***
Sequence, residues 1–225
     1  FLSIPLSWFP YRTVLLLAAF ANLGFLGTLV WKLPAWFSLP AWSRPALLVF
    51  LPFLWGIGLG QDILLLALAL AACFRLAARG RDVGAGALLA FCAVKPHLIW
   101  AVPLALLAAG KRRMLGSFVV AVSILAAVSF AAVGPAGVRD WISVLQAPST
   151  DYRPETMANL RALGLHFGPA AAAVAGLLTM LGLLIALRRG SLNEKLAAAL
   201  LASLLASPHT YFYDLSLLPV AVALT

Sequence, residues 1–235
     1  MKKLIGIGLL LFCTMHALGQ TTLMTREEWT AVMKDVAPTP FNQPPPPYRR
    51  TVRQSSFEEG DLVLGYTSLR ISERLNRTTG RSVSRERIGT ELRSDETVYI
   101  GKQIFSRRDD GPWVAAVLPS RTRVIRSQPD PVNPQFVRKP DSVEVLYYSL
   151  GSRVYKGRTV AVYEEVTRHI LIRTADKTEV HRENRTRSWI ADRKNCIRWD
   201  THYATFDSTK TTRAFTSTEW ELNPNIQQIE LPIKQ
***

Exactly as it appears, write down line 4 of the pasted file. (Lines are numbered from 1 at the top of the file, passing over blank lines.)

   101  AVPLALLAAG KRRMLGSFVV AVSILAAVSF AAVGPAGVRD WISVLQAPST